Alternative Beta, in the context of risk premium oriented investing, is a concept that extends the idea of traditional passive investing into the alternative investment space. Alternative beta refers to risk premia which are available in the global capital markets beyond traditional equity or fixed income related long only investments. Generally risk premia are returns (above the risk-free interest rate) as compensation for taking systematic risks (risks which in the context of modern portfolio theory cannot be diversified away). Alternative risk premia are those that relate to active investment strategies including techniques beyond the traditional long only investment. These techniques are often associated with the activities of hedge funds (such as short selling, leverage, and derivatives trading).
Investment theory today commonly separates the return of an investment into the contribution resulting from risk exposure (risk premium) and one resulting from skill-based investing (alpha). This forms the academic basis for active and passive investing (indexing).
Separating returns into alpha and beta can also be applied to determine the amount and type of fees to charge. The consensus is to charge higher fees for alpha (incl. performance fee), since it is mostly viewed as skill based. The topic has received increasing levels of attention due to the very rapid growth of the hedge fund industry, where investment companies typically charge fees dwarfing those of mutual funds with the motivation that hedge funds produce alpha. Many investors have started to question whether hedge funds really provide alpha or just some “new” form of beta (i.e. alternative beta).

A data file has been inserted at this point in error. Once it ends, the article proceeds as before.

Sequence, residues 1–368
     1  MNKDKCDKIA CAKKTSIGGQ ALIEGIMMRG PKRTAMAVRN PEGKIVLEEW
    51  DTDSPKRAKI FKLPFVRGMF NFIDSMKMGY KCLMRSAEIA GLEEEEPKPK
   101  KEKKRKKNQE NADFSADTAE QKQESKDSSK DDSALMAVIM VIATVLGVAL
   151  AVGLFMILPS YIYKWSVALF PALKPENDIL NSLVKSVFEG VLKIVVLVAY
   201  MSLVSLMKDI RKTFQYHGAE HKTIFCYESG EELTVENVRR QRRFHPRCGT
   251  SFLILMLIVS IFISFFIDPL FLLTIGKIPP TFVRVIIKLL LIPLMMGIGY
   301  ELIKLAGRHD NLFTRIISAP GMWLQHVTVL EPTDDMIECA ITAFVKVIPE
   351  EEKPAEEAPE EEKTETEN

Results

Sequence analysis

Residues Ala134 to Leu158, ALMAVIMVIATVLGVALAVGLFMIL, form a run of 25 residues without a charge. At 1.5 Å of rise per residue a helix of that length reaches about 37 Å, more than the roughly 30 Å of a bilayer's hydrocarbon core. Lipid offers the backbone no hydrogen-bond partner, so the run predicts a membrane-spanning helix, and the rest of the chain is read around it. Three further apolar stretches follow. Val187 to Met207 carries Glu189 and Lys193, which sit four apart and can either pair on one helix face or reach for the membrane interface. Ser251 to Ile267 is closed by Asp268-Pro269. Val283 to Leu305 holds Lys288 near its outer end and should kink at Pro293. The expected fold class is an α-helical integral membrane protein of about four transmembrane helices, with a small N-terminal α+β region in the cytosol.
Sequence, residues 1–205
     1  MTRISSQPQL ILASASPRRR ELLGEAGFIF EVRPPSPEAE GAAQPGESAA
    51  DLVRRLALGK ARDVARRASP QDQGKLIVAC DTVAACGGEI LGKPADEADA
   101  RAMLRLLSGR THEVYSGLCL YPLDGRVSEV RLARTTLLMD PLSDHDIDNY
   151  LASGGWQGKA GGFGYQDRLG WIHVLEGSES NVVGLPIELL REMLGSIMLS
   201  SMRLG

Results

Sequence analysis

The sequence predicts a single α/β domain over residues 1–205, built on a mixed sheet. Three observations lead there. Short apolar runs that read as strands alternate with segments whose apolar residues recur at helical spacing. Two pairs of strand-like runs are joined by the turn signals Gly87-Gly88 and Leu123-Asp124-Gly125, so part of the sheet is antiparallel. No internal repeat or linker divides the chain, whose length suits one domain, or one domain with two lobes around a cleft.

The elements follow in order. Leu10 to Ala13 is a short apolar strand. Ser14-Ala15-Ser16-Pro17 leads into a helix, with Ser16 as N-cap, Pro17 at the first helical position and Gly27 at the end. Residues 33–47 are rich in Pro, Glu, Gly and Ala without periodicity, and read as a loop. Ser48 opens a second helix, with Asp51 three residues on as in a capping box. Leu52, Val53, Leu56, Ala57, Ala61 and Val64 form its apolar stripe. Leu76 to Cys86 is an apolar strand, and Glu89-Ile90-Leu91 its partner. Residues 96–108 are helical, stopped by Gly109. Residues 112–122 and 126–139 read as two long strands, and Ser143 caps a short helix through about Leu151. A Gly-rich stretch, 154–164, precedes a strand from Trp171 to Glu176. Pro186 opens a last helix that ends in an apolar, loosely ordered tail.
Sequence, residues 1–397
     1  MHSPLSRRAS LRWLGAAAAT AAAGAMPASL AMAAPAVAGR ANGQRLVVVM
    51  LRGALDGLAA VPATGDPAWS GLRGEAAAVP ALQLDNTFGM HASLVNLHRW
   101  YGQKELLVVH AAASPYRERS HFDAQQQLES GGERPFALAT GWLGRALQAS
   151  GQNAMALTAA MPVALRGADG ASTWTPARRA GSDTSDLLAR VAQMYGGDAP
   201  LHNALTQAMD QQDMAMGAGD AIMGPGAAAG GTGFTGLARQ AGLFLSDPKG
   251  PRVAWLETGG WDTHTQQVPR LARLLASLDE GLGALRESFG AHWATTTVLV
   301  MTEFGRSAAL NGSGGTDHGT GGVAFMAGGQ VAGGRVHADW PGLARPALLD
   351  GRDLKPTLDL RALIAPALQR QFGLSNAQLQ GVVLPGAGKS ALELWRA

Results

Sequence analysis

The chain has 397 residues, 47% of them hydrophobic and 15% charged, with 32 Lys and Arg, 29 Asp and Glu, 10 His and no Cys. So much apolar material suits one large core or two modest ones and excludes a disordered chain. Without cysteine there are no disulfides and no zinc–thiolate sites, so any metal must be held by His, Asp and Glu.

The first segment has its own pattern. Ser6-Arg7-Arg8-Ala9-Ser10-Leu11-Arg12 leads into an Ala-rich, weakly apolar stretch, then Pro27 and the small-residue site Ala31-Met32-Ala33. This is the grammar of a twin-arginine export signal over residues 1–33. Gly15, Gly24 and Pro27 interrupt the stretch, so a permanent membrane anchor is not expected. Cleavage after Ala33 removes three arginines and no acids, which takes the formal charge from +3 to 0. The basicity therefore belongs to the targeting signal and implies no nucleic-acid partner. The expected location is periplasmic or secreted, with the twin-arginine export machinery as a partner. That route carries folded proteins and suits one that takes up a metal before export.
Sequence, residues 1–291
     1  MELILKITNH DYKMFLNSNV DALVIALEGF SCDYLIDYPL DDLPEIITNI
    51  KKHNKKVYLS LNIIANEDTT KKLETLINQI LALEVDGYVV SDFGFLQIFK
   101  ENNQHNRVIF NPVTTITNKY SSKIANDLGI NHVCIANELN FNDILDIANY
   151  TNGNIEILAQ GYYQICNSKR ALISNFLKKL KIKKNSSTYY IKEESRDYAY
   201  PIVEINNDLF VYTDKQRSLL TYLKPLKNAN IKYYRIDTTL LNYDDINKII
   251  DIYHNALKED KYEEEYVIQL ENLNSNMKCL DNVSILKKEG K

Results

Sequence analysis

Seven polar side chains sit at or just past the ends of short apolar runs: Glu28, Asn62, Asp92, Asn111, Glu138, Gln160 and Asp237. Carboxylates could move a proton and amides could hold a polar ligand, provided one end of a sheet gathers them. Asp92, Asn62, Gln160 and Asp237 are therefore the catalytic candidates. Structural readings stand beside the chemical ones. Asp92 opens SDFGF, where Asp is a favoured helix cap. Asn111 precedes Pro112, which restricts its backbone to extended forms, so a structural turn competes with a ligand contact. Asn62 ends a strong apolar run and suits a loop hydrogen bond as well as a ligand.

This question was first implicitly raised in 1997 by William Fung and David Hsieh in an influential paper on empirical properties of hedge fund returns (Empirical Characteristics of Dynamic Trading Strategies: The Case of Hedge Funds). Following this paper, several groups of academics (such as Thomas Schneeweis et al.) started to explain past hedge fund returns using various systematic risk factors (i.e. Alternative Betas). Lars Jaeger was the first to address the related question whether investable strategies based on such factors can not only explain past returns, but also replicate future ones (Factor Modeling and Benchmarking of Hedge Funds: Can Passive Investments in Hedge Fund Strategies Deliver?. His book (Alternative Beta Strategies and Hedge Fund Replication (Wiley)) provides an overview on the scientific approaches, the current state and the future of Alternative Beta and Hedge Fund replication (see also his interview on Opalesque.TV).
Read more about Alternative Beta: Different Betas Based On Different Investment Exposures, Separation of Alpha and Beta, Hedge Fund Replication
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“Education must, then, be not only a transmission of culture but also a provider of alternative views of the world and a strengthener of the will to explore them.”
—Jerome S. Bruner (20th century)